A score based on routinely measured clinical and laboratory parameters was developed and evaluated to facilitate prediction of neurotoxicity in patients treated with chimeric antigen receptor T-cell (CAR-T) therapy, according to a study published in JAMA Neurology.

Three CD-19–directed CAR-T therapies are currently approved by the US Food and Drug Administration (FDA): axicabtagene ciloleucel, tisagenlecleucel, and brexucabtagene autoleucel.

The first 2 agents are indicated for the treatment of adult patients with refractory large B-cell lymphoma (DLBCL) after 2 or more lines of systemic therapy, including DLBCL not otherwise specified, primary mediastinal large B-cell lymphoma, high grade B-cell lymphoma, and DLBCL arising from follicular lymphoma.2,3 Tisagenlecleucel is also indicated for children and young adults aged 25 or younger with relapsed, refractory B-cell precursor acute lymphoblastic leukemia (ALL),3 whereas brexucabtagene autoleucel is indicated for adult patients with relapsed/refractory mantle cell lymphoma.4

Neurotoxicity is a common and potentially serious complication of CAR-T therapy that, according to the study authors, can manifest as “encephalopathy, aphasia, focal weakness, numbness, apraxia, seizures, or in rare cases, fulminant cerebral edema and death.”  Nevertheless, the delivery of CAR-T therapy is not associated with the development of neurotoxicity in all patients treated with this approach.


Continue Reading

Furthermore, while most patients who develop CAR-T–related neurotoxicity experience symptoms within 1 week of treatment, the timing of neurotoxicity, as well as the severity of symptoms, can vary across patients, leading the study authors to comment that “early identification of risk of neurotoxicity may allow for more appropriate triage and anticipatory care of patients receiving [CAR-T] therapy.”

This study included all consecutive patients with relapsed/refractory DLBCL, primary mediastinal B-cell lymphoma, follicular lymphoma, or marginal zone lymphoma admitted to Brigham and Women’s Hospital/Dana-Farber Cancer Institute in Boston, Massachusetts, for treatment with axicabtagene ciloleucel between April 2015 and February 2020.

Signs, symptoms, severity, and timing of cytokine release syndrome (CRS) and neurotoxicity, as well body temperature, serum levels of C-reactive protein, white blood cell (WBC) count, fibrinogen, ferritin, procalcitonin, lactate dehydrogenase, interleukin-6, and number of doses of tocilizumab administered were evaluated in this group of patients during the first 5 days of admission.

Those admitted for CAR-T therapy from April 2015 to April 2019 made up the derivation cohort (126 individuals) whereas those admitted between May 2019 and February 2020 were included in the internal validation cohort (78 individuals).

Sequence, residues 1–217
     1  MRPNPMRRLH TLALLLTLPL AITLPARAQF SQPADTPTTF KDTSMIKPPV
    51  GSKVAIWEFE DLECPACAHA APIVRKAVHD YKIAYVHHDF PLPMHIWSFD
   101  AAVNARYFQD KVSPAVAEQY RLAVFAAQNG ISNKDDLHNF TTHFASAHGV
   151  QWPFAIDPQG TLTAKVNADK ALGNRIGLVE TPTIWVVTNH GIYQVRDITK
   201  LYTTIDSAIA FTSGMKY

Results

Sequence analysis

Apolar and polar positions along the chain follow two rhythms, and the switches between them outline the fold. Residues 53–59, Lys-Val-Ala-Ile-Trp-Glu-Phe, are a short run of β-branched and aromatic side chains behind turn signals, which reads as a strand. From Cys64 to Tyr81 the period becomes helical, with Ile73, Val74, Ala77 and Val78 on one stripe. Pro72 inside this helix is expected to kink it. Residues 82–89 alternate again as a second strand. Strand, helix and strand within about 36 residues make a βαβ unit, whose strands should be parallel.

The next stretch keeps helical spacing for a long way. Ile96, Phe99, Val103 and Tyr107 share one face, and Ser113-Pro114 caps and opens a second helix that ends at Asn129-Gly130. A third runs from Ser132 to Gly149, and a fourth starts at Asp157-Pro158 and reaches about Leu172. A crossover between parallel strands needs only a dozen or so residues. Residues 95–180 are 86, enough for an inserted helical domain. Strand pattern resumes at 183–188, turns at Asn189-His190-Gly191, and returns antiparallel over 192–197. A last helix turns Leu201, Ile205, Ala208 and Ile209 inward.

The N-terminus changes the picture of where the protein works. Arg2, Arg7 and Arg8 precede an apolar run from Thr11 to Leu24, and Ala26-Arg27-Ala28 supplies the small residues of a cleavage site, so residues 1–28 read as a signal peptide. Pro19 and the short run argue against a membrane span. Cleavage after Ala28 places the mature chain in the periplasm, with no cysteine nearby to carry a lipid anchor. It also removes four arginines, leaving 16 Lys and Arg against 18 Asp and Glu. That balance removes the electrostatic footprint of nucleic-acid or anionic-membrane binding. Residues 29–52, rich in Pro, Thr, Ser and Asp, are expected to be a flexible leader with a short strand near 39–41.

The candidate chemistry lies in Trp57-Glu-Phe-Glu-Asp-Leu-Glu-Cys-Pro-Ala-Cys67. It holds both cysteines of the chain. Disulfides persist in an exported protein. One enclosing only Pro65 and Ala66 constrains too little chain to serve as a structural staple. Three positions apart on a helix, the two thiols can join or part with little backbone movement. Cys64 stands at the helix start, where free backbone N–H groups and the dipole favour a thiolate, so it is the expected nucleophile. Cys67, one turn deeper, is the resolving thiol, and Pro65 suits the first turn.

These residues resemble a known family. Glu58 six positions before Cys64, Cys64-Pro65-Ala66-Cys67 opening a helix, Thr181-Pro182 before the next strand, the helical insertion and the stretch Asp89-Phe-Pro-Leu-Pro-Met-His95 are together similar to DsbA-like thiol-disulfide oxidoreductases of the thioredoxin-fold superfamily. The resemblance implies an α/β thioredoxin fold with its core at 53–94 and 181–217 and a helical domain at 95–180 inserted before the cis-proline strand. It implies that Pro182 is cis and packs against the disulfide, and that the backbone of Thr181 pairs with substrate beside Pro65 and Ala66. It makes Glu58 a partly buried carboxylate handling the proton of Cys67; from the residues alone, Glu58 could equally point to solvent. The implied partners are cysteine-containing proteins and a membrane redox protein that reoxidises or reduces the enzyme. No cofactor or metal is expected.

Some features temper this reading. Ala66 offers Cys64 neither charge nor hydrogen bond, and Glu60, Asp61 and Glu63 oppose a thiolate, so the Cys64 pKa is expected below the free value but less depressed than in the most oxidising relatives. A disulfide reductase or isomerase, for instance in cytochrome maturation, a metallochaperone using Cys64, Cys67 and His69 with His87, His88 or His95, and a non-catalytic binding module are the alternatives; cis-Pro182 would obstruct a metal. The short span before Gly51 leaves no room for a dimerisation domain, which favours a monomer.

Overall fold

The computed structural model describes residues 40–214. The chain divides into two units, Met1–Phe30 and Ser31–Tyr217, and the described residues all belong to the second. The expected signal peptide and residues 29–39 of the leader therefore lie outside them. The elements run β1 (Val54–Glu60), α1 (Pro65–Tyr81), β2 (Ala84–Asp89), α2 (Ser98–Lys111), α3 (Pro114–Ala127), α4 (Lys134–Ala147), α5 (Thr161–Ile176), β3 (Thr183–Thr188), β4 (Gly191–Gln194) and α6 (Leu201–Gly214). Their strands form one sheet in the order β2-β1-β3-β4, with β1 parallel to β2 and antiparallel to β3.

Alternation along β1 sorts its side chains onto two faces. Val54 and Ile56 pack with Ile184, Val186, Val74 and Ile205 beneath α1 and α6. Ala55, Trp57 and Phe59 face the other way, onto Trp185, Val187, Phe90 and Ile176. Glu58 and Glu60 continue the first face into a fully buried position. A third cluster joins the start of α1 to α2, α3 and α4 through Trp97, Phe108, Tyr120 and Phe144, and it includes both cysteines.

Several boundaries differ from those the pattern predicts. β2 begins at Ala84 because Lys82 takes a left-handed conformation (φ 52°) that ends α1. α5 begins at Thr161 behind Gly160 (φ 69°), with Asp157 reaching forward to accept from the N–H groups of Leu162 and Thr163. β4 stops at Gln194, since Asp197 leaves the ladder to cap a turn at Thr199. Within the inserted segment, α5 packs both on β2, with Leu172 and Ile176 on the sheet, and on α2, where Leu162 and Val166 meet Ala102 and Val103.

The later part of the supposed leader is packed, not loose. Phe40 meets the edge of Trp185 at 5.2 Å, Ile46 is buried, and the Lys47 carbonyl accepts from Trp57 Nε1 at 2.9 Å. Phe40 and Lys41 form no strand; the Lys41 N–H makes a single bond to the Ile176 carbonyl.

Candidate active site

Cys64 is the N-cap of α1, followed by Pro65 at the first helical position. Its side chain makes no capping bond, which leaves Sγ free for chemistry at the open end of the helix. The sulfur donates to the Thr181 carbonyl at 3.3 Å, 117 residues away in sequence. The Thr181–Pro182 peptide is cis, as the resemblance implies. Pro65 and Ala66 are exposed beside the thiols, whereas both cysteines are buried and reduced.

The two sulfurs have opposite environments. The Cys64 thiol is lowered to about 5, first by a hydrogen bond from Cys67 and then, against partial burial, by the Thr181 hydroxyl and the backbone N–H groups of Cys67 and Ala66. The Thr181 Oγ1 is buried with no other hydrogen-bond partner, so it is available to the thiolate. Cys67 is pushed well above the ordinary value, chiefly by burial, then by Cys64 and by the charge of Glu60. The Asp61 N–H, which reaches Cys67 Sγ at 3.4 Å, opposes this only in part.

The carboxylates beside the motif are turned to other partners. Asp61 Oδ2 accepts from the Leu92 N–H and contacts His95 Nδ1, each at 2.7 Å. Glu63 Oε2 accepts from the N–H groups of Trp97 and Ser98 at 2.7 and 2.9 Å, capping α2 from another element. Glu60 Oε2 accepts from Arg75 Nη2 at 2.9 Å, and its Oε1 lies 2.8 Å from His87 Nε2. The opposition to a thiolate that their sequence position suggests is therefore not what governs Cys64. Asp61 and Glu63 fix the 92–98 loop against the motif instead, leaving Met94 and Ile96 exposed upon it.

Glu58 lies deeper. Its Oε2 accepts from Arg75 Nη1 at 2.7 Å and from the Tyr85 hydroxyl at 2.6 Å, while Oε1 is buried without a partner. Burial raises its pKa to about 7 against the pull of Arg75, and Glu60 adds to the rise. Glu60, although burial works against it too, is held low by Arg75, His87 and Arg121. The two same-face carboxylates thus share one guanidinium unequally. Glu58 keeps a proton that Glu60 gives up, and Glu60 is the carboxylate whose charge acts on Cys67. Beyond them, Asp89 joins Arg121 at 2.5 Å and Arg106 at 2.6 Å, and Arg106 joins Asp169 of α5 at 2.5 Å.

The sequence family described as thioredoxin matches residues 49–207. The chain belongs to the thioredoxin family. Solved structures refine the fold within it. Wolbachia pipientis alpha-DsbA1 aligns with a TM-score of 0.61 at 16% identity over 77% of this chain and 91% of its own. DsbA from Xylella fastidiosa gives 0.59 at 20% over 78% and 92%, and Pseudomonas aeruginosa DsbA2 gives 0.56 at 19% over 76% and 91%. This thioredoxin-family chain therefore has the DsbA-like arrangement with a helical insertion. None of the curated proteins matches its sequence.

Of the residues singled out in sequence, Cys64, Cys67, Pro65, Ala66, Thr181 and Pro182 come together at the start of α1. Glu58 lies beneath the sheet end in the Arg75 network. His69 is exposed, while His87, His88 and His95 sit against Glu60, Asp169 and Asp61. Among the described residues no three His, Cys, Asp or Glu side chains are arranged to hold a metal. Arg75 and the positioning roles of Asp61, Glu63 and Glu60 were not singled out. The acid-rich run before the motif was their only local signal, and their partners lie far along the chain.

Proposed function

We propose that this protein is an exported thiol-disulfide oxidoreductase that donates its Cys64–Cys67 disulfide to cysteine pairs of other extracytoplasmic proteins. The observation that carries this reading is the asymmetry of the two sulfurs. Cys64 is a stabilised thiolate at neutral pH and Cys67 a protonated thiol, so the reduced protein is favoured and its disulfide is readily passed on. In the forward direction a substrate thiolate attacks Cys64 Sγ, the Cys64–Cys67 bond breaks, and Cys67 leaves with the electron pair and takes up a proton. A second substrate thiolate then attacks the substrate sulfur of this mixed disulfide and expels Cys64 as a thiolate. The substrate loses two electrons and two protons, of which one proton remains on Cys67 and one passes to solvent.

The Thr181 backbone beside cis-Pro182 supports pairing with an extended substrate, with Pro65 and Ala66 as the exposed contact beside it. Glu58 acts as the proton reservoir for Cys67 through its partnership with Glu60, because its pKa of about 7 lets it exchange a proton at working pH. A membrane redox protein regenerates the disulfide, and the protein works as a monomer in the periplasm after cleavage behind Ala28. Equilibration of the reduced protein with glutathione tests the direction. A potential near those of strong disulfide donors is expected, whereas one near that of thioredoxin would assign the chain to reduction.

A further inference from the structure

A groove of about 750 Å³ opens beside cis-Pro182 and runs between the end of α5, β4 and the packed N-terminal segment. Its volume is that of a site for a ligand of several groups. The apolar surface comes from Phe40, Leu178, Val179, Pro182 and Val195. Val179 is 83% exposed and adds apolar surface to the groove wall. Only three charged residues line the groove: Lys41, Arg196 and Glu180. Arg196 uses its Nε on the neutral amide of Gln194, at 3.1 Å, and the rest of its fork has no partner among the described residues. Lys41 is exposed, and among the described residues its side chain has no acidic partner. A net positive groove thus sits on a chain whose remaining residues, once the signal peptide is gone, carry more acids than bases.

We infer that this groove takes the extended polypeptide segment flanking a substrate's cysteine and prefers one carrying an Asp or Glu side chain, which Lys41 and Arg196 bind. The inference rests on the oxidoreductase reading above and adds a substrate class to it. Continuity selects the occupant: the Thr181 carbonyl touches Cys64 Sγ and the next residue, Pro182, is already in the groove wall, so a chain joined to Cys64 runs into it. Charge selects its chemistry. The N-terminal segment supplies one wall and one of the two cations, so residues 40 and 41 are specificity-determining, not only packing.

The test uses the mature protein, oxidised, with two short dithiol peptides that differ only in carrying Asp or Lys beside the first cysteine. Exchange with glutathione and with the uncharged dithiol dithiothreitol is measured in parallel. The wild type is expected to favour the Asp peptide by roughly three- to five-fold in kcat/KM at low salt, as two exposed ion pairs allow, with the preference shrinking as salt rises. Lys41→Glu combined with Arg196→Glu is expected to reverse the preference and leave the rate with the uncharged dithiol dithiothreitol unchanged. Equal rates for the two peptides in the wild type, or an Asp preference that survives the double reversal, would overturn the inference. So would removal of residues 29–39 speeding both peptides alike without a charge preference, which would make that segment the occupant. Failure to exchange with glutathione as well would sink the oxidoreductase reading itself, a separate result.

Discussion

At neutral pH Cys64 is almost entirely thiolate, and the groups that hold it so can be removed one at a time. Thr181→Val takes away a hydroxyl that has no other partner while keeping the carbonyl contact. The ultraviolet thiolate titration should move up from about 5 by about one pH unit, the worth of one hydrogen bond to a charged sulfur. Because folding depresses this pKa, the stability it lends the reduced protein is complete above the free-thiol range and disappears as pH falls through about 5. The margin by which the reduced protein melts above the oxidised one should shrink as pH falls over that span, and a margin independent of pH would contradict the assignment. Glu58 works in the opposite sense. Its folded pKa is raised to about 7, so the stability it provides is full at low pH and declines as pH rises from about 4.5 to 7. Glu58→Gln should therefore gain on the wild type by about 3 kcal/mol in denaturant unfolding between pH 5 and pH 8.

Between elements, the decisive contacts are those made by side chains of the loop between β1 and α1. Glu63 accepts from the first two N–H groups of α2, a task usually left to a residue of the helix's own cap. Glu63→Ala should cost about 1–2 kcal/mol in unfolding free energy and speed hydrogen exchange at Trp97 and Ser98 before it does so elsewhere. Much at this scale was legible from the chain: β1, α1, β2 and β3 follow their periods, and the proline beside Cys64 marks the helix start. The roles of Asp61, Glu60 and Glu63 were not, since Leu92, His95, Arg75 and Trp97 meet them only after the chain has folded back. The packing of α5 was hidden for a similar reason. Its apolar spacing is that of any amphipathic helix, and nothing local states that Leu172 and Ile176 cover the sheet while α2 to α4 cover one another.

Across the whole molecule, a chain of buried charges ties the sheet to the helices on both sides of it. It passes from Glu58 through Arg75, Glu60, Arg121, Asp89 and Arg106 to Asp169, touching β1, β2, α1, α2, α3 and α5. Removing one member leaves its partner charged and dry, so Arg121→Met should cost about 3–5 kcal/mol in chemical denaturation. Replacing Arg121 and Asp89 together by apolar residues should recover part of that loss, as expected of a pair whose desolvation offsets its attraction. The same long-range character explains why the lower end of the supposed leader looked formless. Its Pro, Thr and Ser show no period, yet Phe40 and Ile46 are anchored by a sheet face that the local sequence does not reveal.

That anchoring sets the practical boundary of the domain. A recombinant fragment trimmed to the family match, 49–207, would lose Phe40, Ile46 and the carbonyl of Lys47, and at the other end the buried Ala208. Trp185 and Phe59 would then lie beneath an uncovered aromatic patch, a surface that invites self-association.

Approximately 58% of patients in both cohorts developed neurotoxicity.

Based on a multivariable analysis of these findings, a clinical score for prediction of neurotoxicity was developed in which 1 point was assigned for each of the following parameters: patient age 52 years or older, maximum serum CRP level of 8.95 ng/dL or higher, maximum serum ferritin level of 641 ng/mL or higher, minimum WBC count of 790/µL or lower, and any-grade CRS onset by day 2. In addition, 2 points were assigned for aggressive disease subtype, maximum body temperature of 38.5 degrees Celsius or higher, and CRS severity score of at least 1, and 3 points were given if at least 1 dose of tocilizumab was administered.

Hence, an overall score of between 0 and 14 points, representing lowest and highest probabilities of neurotoxicity, respectively, was possible for each patient.

Using a cutoff of 6 or higher to designate neurotoxicity, the accuracy of the score was found to be 77% in the internal validation cohort, with 82% and 70% sensitivity and specificity, respectively.

“The score developed in this study may allow clinicians to more precisely allocate resources, anticipate patient needs, and facilitate earlier discharge from the hospital,” the study authors noted in their concluding remarks.

References

  1. Rubin DB, Al Jarrah A, Li K, et al. Clinical predictors of neurotoxicity after chimeric antigen receptor T-cell therapy. JAMA Neurol. Published online August 10, 2020. doi:10.1001/jamaneurol.2020.2703
  2. Axicabtagene ciloleucel (Yescarta®)[package insert].[WU1]  Santa Monica, CA: Kite Pharma, Inc.; 2020.
  3. Tisagenlecleucel (Kymriah®) [package insert]. East Hanover, NJ: Novartis Pharmaceuticals Corp.; 2018.
  4. Brexucabtagene autoleucel (Tecartus™) [package insert]. Santa Monica, CA: Kite Pharma, Inc.; 2020.